But, I do feel the need to note that, in my mind at least, Halo was never a character driven plot. It was always an event driven story, and the characters were merely archetypal vehicles to push the player through this world to see all these important events unfolding. Once upon a time this story was worth getting involved in for me. Halo 1 and 2 were fantastic to me because I didn't give a damn about Master Chief, but I wanted to know about the Covenant, how they unified, why they attacked humans in the first place (still not sufficiently answered), and what the Flood would do to their religion. The Arbiter was an "interesting character", particularly compared to the Master Chief, but he was still archetypal. You could put any Covenant in his place and basically he'd do the same things. But his situation helped drive the story.

Halo 3 is where things fell apart for me. They didn't answer the questions I wanted, they did absolutely nothing of interest with the Covenant civil war (I mean come on, Halo 2 left it at such a good spot with so much potential...), and I just couldn't care less about Cortana seeming to go crazy (which is one thing I'll be a snarky asshole about: good job repeating plots, 343. Halo 1: Master Chief is manipulated by 343 into almost destroying the Halo ring. Halo 4: Master Chief is manipulated by Didact into freeing Didact.) This is also why the death of Miranda Keyes and Sgt. Johnson did little for me. It felt like a cheap move to make someone feel sad without understanding people get sad when certain characters die. You have to be attached, and to be attached you need something to be attached to.

...wait, did Sgt. Johnson die in 3? I can't even remember.

ODST and Reach were the first games that tried to be character-driven stories, but they were still mostly event driven. I like what ODST was trying, but unfortunately the live action commercial told an infinitely better (and probably the best story in Halo at all) tale than the game. Reach was...well, I loved the gameplay more than Halo 3! That's good right?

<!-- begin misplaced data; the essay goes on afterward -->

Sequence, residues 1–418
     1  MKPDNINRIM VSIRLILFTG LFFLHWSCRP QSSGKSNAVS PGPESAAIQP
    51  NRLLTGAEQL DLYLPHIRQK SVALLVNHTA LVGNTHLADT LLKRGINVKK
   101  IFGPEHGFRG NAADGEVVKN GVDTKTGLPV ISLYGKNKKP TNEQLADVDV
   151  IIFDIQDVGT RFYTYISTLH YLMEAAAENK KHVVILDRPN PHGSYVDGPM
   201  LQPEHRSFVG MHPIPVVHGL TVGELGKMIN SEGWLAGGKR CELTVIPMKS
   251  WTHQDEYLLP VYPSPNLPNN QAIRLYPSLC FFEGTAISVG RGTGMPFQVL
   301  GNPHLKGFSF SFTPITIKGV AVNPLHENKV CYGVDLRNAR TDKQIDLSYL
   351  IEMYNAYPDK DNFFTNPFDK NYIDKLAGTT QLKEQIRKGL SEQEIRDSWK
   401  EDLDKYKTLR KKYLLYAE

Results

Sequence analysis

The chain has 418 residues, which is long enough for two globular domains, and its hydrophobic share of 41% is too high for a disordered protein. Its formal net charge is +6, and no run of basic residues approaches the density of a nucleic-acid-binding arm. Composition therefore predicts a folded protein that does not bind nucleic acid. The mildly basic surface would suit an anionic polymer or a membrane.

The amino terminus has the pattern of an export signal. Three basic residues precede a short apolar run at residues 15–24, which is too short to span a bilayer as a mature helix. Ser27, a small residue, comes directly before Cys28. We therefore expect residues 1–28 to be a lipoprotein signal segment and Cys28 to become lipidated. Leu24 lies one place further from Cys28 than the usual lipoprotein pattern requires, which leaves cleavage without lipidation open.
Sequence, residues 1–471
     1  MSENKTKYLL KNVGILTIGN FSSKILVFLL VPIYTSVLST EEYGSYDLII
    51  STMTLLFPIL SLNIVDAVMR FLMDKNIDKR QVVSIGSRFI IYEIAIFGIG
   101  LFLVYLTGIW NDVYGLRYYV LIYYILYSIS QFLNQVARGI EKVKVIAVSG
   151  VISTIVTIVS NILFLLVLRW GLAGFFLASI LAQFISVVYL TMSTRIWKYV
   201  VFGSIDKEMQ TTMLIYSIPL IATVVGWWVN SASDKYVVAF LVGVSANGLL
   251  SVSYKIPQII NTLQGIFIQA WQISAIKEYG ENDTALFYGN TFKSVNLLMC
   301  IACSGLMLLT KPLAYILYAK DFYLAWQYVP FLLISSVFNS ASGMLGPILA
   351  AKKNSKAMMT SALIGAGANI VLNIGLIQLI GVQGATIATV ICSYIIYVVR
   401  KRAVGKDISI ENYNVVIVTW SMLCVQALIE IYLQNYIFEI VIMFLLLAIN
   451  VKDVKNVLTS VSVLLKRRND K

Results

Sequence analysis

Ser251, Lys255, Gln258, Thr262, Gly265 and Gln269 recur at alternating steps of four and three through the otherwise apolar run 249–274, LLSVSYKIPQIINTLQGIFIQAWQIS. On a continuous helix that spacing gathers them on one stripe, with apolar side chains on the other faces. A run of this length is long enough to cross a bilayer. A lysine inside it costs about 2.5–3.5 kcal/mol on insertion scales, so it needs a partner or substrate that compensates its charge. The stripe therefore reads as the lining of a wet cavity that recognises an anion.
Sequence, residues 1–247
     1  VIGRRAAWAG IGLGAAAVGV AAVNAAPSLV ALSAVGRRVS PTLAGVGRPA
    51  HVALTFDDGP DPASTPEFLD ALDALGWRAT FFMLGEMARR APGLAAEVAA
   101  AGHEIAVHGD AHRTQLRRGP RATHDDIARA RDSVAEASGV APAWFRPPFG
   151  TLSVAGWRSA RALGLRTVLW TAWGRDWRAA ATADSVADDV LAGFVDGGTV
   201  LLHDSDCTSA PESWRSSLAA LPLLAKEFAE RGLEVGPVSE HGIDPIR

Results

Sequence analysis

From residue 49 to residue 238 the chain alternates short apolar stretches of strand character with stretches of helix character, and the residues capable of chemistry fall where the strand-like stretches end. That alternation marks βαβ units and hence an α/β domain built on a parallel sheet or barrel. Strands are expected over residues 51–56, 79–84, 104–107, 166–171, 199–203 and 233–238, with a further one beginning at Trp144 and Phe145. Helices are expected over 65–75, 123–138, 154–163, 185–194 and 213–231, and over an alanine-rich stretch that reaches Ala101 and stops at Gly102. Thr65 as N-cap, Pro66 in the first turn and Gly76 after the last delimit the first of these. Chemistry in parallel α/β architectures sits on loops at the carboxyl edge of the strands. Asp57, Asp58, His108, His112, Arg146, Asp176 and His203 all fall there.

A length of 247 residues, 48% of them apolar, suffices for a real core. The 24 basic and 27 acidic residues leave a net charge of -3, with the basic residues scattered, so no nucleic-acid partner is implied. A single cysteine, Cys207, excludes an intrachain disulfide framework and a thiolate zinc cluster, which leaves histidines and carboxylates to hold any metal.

As for books, I read Fall of Reach and was disgusted. It was just bad writing to me in general, and ever since I've had no desire to go into the extended universe.

So Halo 1-2 are awesome because they follow along with the sci-fi that inspired them. Starship Troopers and Ringworld are not character driven stories (haven't read Iain Banks' Culture series, so I won't make assumptions there). They are books about showing a reader a world and introducing them to interesting ideas. While Halo may not be very original in the realm of sci-fi on paper, the execution of it was pretty good for a video game.

Saying Halo 4 is the first interesting game because of the characters just gives me the sense that you look for something different in your stories than how Bungie began the series. At the time I was a teenager, so I was still developing a sense of taste. Even now, though, I really like how the series began. I don't mind an event driven story if it's unraveling an interesting world, and as the Covenant are what drew me into Halo in the first place Halo 2 delivered on the promise Halo 1 made. But Halo 3...depressed me.

At this point, I am apathetic to the story of Halo. I would have preferred the next game in the franchise focus on the Arbiter trying to unify the Covenant who would logically be shattered now that their whole religion has basically fallen apart (I mean, that's what Halo 2 was leading to). But for some reason people liked Master Chief for some reason I cannot explain. But, maybe by Halo 5 I'll find something to enjoy as well.

Just didn't find it in Halo 4.

Awesome podcast as usual. What was even more awesome was hearing that there are a number of staff members at 343 who regularly listen to the conference call.

Best spoiler section I have ever heard from you guys (or any podcast for that matter). I always enjoy them, especially since I know I won't play a lot of the games you do this for, and this gives me a way of hearing my friends talk about the entire game and telling me how awesome/crappy it is. But having the guy from 343 on brought it to a whole new level for me. I can't remember off hand having you guys do this before, but definitely look in to doing it for future spoiler sections. In spite of his side-steppy-ness (yes, that is a term now...) in answering some questions his insights were great. And I loved that you guys did not pull any punches.

Great job as always, gentlemen.